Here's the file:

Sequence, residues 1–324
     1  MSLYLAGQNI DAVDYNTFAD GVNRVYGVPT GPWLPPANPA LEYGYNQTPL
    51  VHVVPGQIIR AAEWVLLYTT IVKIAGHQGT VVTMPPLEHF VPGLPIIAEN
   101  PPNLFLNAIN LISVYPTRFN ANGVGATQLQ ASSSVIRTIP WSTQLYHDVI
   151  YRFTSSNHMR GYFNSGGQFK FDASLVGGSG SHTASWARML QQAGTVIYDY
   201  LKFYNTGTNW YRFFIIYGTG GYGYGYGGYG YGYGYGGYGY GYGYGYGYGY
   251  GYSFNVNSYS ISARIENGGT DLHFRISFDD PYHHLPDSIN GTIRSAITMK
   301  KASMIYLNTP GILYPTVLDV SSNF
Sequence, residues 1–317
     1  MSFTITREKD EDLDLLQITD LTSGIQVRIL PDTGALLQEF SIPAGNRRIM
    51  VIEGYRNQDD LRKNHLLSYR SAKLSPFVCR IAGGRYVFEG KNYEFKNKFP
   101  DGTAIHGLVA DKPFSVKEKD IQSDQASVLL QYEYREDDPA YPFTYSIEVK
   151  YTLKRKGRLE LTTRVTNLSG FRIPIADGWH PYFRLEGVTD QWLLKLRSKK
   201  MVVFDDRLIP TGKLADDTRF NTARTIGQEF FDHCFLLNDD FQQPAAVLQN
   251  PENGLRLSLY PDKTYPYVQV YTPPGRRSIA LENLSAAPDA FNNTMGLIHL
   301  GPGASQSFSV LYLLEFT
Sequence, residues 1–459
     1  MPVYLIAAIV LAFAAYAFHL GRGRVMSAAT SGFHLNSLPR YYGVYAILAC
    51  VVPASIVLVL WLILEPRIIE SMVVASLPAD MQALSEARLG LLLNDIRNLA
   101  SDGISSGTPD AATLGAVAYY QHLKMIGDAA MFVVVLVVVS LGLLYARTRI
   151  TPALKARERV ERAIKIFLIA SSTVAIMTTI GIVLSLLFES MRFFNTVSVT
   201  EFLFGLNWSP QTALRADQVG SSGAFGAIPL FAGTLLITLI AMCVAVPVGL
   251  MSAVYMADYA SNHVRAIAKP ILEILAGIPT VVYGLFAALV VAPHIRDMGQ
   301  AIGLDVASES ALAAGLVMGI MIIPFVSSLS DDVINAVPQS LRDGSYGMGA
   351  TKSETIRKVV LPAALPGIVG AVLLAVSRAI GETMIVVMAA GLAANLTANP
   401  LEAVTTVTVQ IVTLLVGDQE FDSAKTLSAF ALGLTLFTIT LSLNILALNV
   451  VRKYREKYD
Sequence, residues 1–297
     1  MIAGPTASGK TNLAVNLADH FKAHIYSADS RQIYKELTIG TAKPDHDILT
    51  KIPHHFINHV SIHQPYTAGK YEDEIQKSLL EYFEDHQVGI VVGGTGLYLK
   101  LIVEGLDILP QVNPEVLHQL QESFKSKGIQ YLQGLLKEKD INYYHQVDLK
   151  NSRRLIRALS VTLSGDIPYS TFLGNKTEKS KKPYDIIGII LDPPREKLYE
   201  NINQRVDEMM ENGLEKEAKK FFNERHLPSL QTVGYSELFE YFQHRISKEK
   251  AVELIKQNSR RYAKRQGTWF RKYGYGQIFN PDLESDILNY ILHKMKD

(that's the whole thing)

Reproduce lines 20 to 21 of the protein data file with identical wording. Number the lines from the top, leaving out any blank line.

   101  SDGISSGTPD AATLGAVAYY QHLKMIGDAA MFVVVLVVVS LGLLYARTRI
   151  TPALKARERV ERAIKIFLIA SSTVAIMTTI GIVLSLLFES MRFFNTVSVT